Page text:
Study Finds ‘Rollie Pollies’ Remove Heavy Metals From Soil, Stabilizing Growing Conditions, Protecting Groundwater

“Rollie pollies” or pill bugs are tiny bugs that hide in your garden and curl up into a ball when they sense danger. Not a lot is known about these tiny creatures, but one thing is sure: they are no threat to you and can even have a great impact on the environment.

In fact, “rollie pollies” are not even bugs but crustaceans which makes them more like crabs than bugs. After years of evolution, they have accustomed themselves to living on land, and mostly in moist areas as they get their nutrients directly from the ground. They use their gills for breathing and their habit of rolling was developed to protect the moisture on these.

If you are thinking of getting rid of pill bugs from your garden, think twice as they are doing you a huge favor by being there. First, they feed on plant debris and second, they also consume metal which means that they extract it from the soil and leave it clean. Pill bugs consume a lot of lead, cadmium, arsenic, copper, and zinc and this makes them highly resistant to severe environments and conditions.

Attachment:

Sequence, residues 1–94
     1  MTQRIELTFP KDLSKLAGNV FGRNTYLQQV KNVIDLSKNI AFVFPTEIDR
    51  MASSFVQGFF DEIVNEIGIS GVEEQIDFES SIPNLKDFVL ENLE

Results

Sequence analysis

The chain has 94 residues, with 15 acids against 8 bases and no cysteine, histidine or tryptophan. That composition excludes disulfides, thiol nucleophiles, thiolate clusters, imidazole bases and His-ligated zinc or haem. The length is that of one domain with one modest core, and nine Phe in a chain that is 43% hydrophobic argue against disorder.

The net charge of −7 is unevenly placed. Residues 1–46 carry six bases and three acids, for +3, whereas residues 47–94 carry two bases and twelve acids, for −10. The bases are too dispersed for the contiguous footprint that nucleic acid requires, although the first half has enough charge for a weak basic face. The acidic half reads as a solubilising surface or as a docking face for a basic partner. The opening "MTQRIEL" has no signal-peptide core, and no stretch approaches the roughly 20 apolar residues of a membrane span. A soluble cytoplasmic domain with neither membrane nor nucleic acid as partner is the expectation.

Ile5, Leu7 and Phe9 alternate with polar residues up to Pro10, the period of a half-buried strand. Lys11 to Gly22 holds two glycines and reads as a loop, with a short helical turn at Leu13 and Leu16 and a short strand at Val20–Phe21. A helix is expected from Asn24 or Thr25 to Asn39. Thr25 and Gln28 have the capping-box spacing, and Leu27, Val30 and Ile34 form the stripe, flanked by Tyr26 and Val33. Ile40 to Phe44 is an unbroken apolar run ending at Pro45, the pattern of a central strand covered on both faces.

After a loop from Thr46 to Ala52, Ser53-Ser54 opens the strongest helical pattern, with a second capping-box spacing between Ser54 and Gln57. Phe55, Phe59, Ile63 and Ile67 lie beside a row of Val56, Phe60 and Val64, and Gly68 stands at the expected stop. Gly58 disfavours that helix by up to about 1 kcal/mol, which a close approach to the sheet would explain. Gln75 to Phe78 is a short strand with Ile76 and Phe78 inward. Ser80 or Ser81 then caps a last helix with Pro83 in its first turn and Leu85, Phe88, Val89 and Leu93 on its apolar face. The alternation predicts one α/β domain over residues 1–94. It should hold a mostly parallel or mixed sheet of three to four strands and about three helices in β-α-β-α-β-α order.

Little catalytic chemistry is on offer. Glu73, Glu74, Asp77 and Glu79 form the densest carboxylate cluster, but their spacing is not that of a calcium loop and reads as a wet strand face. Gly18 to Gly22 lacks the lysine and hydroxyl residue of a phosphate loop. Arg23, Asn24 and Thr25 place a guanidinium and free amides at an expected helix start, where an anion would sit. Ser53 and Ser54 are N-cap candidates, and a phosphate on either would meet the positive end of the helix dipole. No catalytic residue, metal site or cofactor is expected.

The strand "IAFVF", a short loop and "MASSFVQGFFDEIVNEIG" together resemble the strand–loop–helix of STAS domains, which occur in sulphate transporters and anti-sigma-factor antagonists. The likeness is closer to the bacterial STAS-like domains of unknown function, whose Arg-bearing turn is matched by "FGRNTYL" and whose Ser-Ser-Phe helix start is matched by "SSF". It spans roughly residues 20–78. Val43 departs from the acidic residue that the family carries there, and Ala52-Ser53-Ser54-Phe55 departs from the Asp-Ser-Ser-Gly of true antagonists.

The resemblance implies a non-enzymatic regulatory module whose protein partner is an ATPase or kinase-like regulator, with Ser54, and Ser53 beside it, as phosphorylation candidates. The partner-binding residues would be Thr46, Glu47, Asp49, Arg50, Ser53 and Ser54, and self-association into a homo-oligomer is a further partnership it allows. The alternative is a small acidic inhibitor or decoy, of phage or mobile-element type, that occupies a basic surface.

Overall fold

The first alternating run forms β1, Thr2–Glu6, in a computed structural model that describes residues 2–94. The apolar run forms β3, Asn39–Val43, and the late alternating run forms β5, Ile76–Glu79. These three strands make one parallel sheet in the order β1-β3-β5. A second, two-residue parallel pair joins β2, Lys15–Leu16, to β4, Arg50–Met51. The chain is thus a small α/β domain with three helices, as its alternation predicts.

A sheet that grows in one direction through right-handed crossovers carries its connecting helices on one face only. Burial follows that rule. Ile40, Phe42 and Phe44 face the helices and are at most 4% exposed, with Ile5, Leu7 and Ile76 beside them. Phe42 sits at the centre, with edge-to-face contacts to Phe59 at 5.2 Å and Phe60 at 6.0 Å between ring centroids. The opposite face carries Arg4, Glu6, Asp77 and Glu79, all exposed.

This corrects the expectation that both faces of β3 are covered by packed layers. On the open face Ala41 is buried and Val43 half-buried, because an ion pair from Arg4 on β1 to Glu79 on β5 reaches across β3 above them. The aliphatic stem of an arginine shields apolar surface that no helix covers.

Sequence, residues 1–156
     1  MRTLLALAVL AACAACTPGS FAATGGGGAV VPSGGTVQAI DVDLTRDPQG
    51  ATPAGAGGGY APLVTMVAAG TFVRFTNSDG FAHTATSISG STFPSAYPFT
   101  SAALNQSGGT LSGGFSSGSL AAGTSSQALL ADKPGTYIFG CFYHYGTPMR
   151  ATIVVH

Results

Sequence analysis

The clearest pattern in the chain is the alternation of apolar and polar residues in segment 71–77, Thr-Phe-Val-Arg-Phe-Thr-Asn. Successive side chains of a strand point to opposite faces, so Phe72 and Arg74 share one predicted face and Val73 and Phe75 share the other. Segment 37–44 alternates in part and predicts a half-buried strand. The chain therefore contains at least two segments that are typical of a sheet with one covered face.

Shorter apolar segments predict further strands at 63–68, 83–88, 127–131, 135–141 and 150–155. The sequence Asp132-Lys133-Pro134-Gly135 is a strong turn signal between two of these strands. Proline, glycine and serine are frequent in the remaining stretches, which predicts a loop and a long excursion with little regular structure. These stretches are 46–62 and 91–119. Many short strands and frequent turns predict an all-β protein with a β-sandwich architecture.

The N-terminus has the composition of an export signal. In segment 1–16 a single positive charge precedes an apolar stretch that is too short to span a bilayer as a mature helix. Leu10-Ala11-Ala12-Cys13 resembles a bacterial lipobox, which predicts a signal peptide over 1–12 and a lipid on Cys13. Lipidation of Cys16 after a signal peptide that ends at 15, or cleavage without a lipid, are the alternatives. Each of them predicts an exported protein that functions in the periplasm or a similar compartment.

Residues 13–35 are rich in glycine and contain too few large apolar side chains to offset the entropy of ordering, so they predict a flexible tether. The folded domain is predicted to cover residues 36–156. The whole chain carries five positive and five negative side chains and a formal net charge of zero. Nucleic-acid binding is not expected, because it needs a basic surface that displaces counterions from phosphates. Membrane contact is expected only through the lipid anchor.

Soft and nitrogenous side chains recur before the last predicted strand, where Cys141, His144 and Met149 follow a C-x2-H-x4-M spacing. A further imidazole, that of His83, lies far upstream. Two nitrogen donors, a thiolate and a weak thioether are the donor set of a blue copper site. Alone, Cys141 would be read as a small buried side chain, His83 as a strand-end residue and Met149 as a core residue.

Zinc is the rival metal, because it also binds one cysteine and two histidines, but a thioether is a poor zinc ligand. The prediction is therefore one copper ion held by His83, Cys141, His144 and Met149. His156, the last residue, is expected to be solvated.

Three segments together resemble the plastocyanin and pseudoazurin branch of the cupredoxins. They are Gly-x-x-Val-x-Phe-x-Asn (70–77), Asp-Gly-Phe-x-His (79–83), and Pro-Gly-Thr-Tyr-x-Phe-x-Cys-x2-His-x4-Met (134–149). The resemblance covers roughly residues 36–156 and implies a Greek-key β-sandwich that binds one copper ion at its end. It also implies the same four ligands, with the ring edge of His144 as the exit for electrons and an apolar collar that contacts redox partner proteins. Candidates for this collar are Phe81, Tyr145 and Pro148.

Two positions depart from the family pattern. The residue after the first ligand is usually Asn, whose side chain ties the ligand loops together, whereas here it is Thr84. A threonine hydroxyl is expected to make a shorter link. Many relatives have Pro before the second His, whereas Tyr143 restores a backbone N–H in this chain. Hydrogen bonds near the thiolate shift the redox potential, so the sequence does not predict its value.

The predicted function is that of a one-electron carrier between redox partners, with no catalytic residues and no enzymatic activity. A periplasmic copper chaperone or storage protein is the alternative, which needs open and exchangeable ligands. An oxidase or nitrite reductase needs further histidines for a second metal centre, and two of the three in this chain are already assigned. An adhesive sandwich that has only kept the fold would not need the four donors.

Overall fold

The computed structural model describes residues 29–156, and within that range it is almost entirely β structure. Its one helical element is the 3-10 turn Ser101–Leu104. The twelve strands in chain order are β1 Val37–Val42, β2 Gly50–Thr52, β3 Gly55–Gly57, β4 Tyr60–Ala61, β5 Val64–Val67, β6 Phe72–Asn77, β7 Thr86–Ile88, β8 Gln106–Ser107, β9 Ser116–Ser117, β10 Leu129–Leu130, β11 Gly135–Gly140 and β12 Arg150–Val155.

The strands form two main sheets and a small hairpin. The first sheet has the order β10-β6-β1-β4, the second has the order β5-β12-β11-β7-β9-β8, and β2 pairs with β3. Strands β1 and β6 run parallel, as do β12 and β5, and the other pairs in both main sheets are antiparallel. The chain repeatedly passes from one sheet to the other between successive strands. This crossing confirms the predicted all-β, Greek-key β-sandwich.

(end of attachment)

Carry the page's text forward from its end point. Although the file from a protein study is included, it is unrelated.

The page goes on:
Their most important contribution to your garden is leaving the soil clean and healthy.
So, to keep them close to you and your outdoor space, you must create a welcoming space for them.
You can do this by adding organic matter to your soil, as this will keep them occupied and focused on protecting your garden from harmful elements.

8 Responses to “Study Finds ‘Rollie Pollies’ Remove Heavy Metals From Soil, Stabilizing Growing Conditions, Protecting Groundwater”

  1. Robert says:

    And where does this said metsls go after they die ?

  2. Jinx says:

    We always called these potato bugs. Wonder why?

  3. Johnny Edwards says:

    I never knew anything about them I always thought of them as a pest.

  4. David FELD says:

    How do you spell ‘roly-polies’?

  5. Mia Karel says:

    This was so very interesting. I enjoyed this article very much.

  6. Ciaobaby says:

    This article fails to address the obvious question, which is: what becomes of the various metals after the pill bugs eat them? Do they return to the soil when a pill bug dies? Or are they concentrated in the bodies of predators higher up the food chain? How do you reason that either of these possibilities is a net benefit to the environment?

  7. Julie says:

    As anyone will tell you from the Guildford area these are called Cheesybobs

  8. Amy says:

    We called them pill bugs.

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